Equities in Toronto reversed course to trade lower on Wednesday, dragged by weakness in energy stocks, while a drop in convenience-store operator Alimentation Couche-Tard on merger reports further dented sentiment.
The TSX subtracted 66.51 points to begin Wednesday’s trading at 17,919.29.
The Canadian dollar moved lower 0.24 cents at 78.46 cents U.S.
European retail giant Carrefour has received a surprise merger approach from Couche-Tard, sending the latter’s shares down $3.24, or 7.8%, to $38.07.
CIBC cut the rating on Capital Power to neutral from outperform. Shares in Capital eked up six cents to $36.36.
CIBC cut the rating on Northland Power to neutral from outperform. Northland shares docked 52 cents, or 1.1%, to $47.80.
CIBC cut the rating on Transalta Renewables to underperform from neutral. Transalta saw its shares fall 53 cents, or 2.3%, to $22.38.
Another big decliner was Methanex Corp, down $2.35, or 4.3%, to $52.55.
The largest percentage gainers on the TSX were Cronos Group, which jumped 52 cents, or 4.2%, to $12.93, and cancer drug developer Trillium Therapeutics, which rose 89 cents, or 5%, to $18.85.
Ontario on Tuesday declared an emergency after latest modeling put Canada’s most populous province on track to have more than 20,000 new COVID-19 cases per day by the middle of February.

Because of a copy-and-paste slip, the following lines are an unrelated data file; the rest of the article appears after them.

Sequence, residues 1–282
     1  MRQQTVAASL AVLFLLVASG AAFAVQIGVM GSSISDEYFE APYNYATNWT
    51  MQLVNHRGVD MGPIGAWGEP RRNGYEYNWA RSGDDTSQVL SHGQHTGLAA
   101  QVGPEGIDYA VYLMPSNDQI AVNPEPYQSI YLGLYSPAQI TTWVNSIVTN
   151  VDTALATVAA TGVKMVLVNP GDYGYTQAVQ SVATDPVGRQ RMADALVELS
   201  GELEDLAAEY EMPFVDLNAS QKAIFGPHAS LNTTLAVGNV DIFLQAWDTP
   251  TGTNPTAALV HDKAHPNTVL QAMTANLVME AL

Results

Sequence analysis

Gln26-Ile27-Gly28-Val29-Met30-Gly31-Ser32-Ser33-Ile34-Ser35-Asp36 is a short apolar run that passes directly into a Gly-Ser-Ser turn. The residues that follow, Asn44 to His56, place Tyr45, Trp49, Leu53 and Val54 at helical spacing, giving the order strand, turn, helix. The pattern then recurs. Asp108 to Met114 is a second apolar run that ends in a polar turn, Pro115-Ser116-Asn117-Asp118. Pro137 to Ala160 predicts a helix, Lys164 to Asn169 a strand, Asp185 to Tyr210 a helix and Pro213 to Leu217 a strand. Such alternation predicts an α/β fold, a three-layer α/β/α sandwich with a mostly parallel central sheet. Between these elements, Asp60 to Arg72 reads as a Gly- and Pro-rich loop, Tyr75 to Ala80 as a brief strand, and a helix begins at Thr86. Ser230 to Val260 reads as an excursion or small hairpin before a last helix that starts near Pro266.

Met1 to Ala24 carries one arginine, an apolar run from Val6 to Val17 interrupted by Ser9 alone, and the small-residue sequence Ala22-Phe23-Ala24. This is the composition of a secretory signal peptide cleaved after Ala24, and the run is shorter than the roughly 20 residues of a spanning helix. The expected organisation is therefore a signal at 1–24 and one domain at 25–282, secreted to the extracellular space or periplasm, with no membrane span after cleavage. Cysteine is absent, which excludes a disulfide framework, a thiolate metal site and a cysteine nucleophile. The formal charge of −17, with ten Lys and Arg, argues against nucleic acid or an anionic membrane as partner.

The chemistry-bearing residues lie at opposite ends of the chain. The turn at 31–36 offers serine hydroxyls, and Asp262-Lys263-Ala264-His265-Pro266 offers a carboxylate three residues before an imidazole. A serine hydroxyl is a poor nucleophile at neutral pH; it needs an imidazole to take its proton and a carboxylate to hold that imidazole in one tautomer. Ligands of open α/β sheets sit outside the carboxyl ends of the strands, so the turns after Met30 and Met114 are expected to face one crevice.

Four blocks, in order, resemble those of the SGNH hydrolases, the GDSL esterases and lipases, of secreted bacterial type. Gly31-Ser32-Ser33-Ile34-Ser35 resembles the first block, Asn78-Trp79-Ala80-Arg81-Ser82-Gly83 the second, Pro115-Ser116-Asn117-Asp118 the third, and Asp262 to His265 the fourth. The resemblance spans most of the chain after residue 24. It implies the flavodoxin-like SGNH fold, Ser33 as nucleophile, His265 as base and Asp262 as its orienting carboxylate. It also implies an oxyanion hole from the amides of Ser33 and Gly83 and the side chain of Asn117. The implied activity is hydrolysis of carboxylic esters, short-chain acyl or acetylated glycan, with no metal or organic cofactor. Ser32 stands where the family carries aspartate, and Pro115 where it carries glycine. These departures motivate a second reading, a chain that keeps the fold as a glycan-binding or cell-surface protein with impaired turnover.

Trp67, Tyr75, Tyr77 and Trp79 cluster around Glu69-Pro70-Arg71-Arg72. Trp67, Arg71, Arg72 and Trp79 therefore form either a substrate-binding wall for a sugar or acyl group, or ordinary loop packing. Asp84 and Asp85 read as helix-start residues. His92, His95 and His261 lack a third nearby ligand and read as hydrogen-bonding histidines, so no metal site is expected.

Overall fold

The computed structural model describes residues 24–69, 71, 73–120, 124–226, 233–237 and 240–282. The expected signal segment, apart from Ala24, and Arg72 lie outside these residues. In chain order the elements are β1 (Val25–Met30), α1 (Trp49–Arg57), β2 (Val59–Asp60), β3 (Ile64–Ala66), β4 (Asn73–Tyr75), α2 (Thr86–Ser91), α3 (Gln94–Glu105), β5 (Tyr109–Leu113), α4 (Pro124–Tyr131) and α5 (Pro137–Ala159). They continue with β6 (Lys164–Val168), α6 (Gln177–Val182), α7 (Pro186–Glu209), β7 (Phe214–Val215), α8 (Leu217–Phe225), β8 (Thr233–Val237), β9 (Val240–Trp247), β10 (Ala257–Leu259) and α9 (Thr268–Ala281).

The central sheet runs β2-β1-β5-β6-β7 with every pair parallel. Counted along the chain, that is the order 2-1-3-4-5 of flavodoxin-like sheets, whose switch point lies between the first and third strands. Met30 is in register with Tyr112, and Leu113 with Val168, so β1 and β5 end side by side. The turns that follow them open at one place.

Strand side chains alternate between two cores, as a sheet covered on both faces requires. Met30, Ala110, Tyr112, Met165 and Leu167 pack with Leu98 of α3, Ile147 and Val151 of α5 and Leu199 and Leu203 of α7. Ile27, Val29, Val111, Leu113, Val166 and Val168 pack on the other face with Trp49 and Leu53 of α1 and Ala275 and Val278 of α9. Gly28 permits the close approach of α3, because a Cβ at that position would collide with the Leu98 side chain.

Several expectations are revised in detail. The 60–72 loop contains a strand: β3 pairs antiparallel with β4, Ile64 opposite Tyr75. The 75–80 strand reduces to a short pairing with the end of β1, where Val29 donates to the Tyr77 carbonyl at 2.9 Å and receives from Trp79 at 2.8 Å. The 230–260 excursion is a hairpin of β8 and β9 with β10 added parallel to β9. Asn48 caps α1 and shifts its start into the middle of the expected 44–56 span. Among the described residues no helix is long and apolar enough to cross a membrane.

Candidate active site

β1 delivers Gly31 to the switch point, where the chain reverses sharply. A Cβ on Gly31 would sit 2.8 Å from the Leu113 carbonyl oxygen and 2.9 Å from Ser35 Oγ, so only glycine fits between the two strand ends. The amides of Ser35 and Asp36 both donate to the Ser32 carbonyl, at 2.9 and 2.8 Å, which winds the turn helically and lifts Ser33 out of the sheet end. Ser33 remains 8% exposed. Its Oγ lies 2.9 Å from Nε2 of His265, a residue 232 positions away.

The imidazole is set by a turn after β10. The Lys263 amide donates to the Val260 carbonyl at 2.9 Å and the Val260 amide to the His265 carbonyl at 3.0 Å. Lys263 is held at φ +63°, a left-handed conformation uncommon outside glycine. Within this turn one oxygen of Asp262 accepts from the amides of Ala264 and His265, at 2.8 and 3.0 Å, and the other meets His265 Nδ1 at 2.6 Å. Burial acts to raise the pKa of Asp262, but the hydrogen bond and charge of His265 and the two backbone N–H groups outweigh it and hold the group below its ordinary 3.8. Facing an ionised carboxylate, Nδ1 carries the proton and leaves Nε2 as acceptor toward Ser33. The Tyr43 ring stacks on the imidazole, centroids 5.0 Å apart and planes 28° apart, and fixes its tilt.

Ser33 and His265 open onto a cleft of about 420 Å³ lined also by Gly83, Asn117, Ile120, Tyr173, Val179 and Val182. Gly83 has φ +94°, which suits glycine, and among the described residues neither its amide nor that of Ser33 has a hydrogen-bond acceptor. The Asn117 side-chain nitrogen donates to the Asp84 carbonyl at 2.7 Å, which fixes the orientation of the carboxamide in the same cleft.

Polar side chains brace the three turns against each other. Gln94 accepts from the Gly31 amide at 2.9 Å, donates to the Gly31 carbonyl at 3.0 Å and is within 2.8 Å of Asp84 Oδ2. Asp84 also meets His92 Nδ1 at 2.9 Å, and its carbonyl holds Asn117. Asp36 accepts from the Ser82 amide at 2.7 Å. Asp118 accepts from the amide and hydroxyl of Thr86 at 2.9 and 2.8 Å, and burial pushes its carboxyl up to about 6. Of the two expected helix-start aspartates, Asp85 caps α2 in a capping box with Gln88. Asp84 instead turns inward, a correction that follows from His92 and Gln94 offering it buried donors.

The TSX Venture Exchange gained 5.79 points to 904.40.
All but two of the 12 subgroups were in the red, as consumer staples plunged 2.6%, energy was 1.7% less energetic, and consumer discretionary stocks lost 0.9%.
The two gainers were health-care, vaulting 3%, and real-estate, eking up 0.1%.
Stocks opened flat on Wednesday as the market struggled for direction for a second day amid rising rates, political uncertainty and a still raging pandemic.
The Dow Jones Industrials moved up 21.75 points to 31,090.44
The S&P 500 took on 4.04 points to 3,805.23
The NASDAQ acquired 38.73 points to 13,111.17.
Following Tuesday’s muted session, the major averages remain lower for the week. The NASDAQ is the relative underperformer, down roughly 1%.
The moves come as turmoil in Washington continues. Vice President Mike Pence said Tuesday night he will not remove President Donald Trump from office. That came before the Democratic-held House approved a resolution urging Pence and the Cabinet to push Trump out of the White House after he incited last week’s riot on the Capitol.
The House of Representatives plans to vote on Wednesday to impeach Trump for a second time.
Prices for the 10-Year Treasury gained back lost ground, lowering yields to 1.10% from Tuesday’s 1.14%. Treasury prices and yields move in opposite directions.
Oil prices unloaded 14 cents to $53.07 U.S. a barrel.
Gold prices, on the other hand, gained $15.30 to $1,859.50 U.S. an ounce.